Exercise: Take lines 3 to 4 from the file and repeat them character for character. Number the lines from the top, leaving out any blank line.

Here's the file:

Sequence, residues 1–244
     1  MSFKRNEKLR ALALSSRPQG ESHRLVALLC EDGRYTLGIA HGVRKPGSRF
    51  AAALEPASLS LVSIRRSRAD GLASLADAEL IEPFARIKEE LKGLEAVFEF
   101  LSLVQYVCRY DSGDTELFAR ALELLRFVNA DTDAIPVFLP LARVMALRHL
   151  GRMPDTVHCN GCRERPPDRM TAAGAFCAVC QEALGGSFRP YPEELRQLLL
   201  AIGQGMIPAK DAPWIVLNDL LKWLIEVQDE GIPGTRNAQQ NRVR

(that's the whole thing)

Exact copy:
    51  AAALEPASLS LVSIRRSRAD GLASLADAEL IEPFARIKEE LKGLEAVFEF
   101  LSLVQYVCRY DSGDTELFAR ALELLRFVNA DTDAIPVFLP LARVMALRHL